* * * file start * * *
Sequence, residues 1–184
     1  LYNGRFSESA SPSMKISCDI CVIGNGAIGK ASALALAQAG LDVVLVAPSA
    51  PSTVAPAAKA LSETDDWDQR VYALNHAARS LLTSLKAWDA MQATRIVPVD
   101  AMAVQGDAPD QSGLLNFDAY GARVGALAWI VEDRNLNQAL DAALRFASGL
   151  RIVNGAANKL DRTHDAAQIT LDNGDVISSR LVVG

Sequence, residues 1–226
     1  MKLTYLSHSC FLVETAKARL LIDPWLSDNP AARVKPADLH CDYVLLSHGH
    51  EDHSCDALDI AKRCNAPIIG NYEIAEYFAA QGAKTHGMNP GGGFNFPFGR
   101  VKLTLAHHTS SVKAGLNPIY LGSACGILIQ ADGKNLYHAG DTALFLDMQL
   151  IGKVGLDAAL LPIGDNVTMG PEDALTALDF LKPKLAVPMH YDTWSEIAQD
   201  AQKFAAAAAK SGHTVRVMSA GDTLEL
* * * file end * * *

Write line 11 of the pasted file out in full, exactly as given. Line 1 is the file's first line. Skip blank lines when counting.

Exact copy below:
   201  AQKFAAAAAK SGHTVRVMSA GDTLEL